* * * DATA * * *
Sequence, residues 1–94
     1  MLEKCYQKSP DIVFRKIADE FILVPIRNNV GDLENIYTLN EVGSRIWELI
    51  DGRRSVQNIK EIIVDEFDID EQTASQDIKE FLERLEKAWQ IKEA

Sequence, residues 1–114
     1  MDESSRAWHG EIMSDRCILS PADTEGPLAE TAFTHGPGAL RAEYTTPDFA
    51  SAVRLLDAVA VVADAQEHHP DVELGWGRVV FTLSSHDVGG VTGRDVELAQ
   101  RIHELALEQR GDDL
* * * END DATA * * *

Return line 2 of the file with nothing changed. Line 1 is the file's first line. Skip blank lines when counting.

     1  MLEKCYQKSP DIVFRKIADE FILVPIRNNV GDLENIYTLN EVGSRIWELI